Did You See That?
Are you observant? If you are, you might be interested in helping us out with our phenological calendar. Phe-nol-o-gy is the study of changes in plants and animals as they respond to weather, climate, and the seasons. Each spring we anxiously await the first returning robin in the hope of warmer weather. That is a phenological event. It happens every year but the return date depends a lot on the weather. Migration and flowering are two more examples of phenological events.
Look around for the following seasonal/phenological changes and email EEK! when you
notice any of the following...
Get ready for big changes this month as winter gives way to spring (we hope).
- Tree sap begins flowing as the days get warmer. Learn more about the sugar
maple and where maple syrup comes from.
- Male red-winged blackbirds return to
Wisconsin from their warm southern winter retreats. You'll see them returning in large mixed flocks, sweeping
across the sky and landing in chattering groups in wetlands.
- The woodcock, also called timberdoodle,
breeds in March and April throughout most of the eastern United States and
Canada. Learn more about this small,long-billed bird and the male's spring dance.
- Tundra swans
breed and nest in the tundra and in sheltered marshes on the Alaskan and
Canadian coast near the Arctic Circle. They pass through Wisconsin on their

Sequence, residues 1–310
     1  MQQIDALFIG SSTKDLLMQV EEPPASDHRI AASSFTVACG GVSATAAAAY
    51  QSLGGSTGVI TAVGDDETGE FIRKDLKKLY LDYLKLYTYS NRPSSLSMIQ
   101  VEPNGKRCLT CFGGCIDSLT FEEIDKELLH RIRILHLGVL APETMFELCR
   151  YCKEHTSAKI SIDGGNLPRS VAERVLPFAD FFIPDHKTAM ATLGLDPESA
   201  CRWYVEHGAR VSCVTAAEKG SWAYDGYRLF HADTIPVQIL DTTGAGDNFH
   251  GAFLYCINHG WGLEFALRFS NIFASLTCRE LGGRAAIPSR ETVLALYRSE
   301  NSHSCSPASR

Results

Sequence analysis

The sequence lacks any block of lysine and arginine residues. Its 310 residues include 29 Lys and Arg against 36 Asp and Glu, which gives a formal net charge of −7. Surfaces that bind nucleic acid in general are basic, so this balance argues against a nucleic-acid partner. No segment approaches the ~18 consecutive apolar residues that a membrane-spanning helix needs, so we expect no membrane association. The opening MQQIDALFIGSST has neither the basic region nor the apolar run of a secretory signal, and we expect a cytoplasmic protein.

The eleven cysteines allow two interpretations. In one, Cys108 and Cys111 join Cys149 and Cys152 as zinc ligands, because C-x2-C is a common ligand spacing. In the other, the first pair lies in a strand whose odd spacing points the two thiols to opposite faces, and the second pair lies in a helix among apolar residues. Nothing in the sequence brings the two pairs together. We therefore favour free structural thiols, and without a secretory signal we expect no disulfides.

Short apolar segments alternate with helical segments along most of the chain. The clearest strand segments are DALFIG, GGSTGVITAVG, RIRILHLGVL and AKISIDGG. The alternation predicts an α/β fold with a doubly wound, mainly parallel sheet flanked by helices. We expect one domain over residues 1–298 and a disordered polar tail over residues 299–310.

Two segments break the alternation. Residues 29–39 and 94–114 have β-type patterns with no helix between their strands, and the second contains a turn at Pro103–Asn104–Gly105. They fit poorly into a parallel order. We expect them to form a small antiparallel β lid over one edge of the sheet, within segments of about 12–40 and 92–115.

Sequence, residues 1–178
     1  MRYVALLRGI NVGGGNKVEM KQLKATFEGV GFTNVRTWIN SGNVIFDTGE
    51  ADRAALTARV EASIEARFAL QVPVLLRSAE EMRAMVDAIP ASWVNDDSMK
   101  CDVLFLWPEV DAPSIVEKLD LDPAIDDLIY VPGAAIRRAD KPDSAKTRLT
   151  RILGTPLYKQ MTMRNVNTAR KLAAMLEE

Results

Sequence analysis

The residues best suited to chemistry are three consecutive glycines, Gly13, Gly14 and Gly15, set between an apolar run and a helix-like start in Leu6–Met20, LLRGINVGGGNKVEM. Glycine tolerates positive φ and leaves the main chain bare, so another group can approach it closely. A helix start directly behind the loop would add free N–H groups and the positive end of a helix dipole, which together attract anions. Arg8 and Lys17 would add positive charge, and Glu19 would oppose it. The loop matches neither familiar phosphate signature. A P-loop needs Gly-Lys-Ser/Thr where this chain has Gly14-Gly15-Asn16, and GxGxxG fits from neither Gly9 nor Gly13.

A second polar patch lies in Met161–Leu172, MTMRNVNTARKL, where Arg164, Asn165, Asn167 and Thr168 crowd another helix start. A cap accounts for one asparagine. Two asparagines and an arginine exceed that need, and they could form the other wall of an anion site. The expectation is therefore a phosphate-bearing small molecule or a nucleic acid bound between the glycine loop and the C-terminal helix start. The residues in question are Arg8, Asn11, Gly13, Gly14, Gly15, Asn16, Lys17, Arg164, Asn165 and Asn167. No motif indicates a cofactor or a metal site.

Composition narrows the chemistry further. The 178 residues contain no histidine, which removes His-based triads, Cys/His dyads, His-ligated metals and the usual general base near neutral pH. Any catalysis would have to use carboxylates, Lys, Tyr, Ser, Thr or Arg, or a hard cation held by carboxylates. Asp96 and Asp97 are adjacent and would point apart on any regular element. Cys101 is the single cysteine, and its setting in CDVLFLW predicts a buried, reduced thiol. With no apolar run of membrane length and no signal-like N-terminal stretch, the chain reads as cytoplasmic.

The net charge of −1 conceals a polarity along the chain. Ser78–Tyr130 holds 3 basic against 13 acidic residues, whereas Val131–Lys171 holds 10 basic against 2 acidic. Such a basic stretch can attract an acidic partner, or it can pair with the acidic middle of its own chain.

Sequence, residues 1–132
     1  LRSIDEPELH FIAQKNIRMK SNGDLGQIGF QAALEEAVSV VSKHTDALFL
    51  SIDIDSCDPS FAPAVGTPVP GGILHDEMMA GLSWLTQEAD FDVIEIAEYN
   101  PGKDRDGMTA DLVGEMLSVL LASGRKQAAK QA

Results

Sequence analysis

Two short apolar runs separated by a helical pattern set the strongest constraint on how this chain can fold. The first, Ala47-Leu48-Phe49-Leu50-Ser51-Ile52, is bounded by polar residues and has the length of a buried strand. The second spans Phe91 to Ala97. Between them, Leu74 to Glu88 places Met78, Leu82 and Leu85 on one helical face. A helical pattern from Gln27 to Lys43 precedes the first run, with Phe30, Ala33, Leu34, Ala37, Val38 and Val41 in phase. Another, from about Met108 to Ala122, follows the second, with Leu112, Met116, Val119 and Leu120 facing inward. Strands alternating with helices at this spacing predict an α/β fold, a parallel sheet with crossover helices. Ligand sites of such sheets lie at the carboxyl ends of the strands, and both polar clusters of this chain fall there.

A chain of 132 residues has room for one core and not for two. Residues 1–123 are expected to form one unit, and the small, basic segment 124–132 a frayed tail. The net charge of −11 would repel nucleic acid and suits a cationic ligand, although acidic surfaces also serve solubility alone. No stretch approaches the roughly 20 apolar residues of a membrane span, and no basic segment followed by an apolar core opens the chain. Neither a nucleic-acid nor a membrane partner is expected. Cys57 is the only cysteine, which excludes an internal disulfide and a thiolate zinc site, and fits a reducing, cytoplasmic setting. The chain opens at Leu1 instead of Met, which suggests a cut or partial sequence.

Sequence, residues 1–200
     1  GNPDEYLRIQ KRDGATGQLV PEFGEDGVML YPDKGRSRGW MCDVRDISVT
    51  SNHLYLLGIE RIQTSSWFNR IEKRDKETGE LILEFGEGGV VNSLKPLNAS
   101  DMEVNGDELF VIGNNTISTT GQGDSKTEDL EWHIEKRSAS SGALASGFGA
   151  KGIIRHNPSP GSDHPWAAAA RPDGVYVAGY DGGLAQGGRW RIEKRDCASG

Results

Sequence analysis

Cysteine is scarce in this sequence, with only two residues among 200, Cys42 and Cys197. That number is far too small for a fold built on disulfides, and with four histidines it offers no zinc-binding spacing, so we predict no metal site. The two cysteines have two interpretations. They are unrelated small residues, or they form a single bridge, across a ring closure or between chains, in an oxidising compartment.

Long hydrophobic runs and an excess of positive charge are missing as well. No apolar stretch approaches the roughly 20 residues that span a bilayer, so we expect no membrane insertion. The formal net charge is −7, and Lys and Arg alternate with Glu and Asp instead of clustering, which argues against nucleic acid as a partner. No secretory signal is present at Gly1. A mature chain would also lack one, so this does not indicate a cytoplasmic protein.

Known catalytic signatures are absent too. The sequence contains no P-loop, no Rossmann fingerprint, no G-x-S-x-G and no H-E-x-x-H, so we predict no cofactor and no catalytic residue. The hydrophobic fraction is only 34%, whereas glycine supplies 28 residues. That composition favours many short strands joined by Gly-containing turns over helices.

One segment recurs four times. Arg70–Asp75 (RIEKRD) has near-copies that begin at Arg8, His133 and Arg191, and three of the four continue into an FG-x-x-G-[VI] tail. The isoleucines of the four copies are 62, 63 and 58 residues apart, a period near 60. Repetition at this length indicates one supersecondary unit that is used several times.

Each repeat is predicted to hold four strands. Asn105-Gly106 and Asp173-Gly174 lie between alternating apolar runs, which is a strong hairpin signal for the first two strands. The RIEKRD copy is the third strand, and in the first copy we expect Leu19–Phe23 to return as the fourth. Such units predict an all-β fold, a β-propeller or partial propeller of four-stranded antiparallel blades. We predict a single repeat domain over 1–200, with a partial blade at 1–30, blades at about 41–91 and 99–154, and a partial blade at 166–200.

way north from March through late May.
- Watch for bluebirds.
- Listen near wet areas for the high-pitched "peep" of the spring peeper
frog, the hoarse quacking of the wood frog, or a long "crreek" sound, like a fingernail pulled across the teeth of a comb,
made by the Western chorus frog.
- When the leaf of the bloodroot, an
early spring wildflower, first appears it is wrapped around the flower bud.
- During this time of year, many fish are moving about in Wisconsin's waters.
They are exciting to watch as they dance, wiggle, and sail through the
shallow waters of our rivers and lakes to find their breeding places.
- Spring is a time when many animals are
born and you might discover young animals in your yard or in the wild. They
are often cute, helpless, and seem friendly but remember, a parent is usually nearby. Wild animals are best left in the wild.